Downtime’s bad, right? Even planned downtime’s hardly great, especially when customers are inconvenienced and in a global market, one country’s 3-5am server outage for a vital upgrade is the middle of someone else’s shopping or business day. But unplanned downtime is the pits – this is when the computers break and basically, so does the company.
But have you ever calculated exactly how much this costs as a real pounds, shillings and pence figure? Software giant CA Technologies, which since its re-branding styles itself as an IT management player primarily, has taken some pains to put some science into answering that question, and it has to be said has come up with some interesting answers.
Its July 2010 poll into the ‘avoidable’ cost of downtime claims that UK firms may be losing as much as £2bn worth of lost business due to an average 300,000 annual downtime hours. This study breaks that £2bn down into an average £208,000 each, incidentally. (We’ll get to the methodological assumptions behind all this in a second, by the way.)
The total EU figure? A possible eye-popping EU17bn. Why such a high number? When business-critical systems are compromised, organisational ability to generate revenue is reduced by 22% – which, if true, is worrying indeed.
Let’s see what bases are being used to arrive at these scary headline figures. The survey included 200 answers from UK firms out of a global roster of 1,808 organisations in 11 European countries. Of the countries surveyed, companies in France experienced the highest average revenue loss from downtime, at over £424,000 a year, while Italy experienced the lowest at just under £29,000. In this league table, the UK actually came in 8th, after Finland, in terms of putative average corporate loss.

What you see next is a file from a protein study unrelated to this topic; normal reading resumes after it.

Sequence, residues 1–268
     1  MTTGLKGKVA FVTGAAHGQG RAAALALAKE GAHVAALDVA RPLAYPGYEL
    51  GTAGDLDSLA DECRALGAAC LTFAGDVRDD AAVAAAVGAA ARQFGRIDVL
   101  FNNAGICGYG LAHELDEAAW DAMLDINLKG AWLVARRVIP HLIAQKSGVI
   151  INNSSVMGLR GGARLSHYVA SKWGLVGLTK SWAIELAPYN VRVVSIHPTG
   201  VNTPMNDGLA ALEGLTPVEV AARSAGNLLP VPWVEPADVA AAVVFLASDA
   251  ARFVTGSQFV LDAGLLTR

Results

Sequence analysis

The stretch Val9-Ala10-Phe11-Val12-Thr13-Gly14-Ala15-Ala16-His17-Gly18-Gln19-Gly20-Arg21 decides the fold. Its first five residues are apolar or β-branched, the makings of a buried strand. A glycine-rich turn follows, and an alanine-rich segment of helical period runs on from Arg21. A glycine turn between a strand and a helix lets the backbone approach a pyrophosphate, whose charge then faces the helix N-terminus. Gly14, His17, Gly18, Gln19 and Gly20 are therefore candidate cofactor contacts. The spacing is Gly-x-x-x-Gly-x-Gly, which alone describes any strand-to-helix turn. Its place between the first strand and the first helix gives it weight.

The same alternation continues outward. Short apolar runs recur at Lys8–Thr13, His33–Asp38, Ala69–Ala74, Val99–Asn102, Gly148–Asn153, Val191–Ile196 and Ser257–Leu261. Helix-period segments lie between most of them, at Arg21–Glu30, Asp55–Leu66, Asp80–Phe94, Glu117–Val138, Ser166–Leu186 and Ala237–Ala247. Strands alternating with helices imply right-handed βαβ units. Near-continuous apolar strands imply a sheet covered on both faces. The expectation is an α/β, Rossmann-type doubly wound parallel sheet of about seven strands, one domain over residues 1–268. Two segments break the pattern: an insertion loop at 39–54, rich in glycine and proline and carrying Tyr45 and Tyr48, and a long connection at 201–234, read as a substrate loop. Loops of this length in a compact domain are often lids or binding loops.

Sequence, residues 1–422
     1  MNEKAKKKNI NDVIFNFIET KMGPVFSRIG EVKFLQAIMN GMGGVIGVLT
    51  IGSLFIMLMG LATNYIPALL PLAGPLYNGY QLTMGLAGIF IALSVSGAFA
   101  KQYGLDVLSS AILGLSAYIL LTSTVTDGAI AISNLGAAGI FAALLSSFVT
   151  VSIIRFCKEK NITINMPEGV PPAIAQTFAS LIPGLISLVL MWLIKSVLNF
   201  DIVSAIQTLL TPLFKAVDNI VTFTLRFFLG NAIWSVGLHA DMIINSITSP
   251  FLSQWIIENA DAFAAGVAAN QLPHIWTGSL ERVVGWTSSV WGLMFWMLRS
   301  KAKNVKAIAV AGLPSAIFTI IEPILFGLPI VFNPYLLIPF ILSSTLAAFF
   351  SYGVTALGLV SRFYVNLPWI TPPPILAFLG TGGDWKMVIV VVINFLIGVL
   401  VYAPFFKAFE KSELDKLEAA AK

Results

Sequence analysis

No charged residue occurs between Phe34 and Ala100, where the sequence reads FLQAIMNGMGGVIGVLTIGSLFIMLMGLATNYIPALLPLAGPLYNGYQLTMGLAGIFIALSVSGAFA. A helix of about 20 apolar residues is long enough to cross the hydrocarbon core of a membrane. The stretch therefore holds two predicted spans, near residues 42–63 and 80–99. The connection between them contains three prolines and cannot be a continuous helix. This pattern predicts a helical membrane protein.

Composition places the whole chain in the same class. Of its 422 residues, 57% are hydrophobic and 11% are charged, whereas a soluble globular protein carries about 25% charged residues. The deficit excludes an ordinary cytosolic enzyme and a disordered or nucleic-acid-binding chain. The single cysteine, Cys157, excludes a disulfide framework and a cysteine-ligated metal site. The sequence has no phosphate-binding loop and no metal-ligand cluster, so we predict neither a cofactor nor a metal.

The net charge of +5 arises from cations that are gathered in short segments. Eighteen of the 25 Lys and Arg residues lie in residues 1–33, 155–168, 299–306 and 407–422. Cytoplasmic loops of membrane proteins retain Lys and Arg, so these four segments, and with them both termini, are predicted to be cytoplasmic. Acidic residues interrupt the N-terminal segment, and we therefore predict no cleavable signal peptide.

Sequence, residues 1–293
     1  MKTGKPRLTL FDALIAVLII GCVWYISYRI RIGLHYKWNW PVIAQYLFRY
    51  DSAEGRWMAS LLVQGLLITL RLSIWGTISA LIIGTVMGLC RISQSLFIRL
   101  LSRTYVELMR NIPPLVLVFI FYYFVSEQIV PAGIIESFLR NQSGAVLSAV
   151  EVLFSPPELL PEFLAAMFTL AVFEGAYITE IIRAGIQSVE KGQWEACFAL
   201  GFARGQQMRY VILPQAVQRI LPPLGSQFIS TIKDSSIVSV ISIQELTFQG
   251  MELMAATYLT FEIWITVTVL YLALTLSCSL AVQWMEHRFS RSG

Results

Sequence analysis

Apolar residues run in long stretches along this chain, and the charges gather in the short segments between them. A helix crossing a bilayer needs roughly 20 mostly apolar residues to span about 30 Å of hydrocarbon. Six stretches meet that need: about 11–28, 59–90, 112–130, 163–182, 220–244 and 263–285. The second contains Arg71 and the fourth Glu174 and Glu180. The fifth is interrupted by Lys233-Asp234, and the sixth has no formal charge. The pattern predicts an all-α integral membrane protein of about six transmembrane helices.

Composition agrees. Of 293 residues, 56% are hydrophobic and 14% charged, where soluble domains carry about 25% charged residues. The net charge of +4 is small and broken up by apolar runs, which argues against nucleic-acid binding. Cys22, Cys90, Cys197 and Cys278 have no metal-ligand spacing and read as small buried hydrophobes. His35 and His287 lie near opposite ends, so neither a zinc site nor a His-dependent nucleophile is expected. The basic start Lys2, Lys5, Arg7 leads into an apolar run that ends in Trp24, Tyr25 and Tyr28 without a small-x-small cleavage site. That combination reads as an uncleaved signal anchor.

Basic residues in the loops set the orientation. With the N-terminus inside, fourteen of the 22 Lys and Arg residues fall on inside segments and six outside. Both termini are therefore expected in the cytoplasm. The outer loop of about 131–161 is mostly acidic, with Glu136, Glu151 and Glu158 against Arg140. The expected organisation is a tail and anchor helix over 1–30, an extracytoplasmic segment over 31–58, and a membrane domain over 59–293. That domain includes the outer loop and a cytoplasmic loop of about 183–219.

The report also says post that downtime – when IT systems are up and running again – there is an additional delay of 11 hours per year at each organisation during which time data is still being recovered. Across the UK that’s another 120,000 hours when business operations aren’t fully operational, potentially. In this post-outage period when data recovery is taking place, company revenue generation is still hampered, down by an average of 16%.
Meanwhile, 76% of the organisations surveyed said that the IT systems and applications effected by IT outages were mission critical, with Operations (76%), Finance (52%) and Sales (39%) most impacted.
The survey was based on a total of 1808 online interviews amongst CIOs/IT Directors/IT Managers and a small proportion of COOs/Operations Directors across an even split of small (50-499 employees), medium (500-999 employees) and large (1000+ employees) companies. A small proportion of Finance Directors were also interviewed.
Data from the survey was then used to calculate the impact of IT downtime and data recovery time on the ability of a company to generate revenue. The calculation took into account the total number of hours of downtime when systems are offline; the total number of hours between systems restoration and recovery of all data; the overall, average revenue generation per country/company size/vertical sector; the impact on revenue generation during both of these periods and the overall number of avoidable IT outages a year.
You may – probably undoubtedly do – disagree and there could be other ways of slicing and dicing the data. But the point is that downtime really is a core business issue here, due to the inter-twining of ICT and business process. "Systems haven’t been so closely linked with business, certainly much more now than even five years ago," as its Senior Director, Business Development in the firm’s disaster recovery/back up business, ArcServe, Andy Brewerton, told CBR.
Can you afford to ignore this – or, worse, lose that £200k a year if you don’t have to?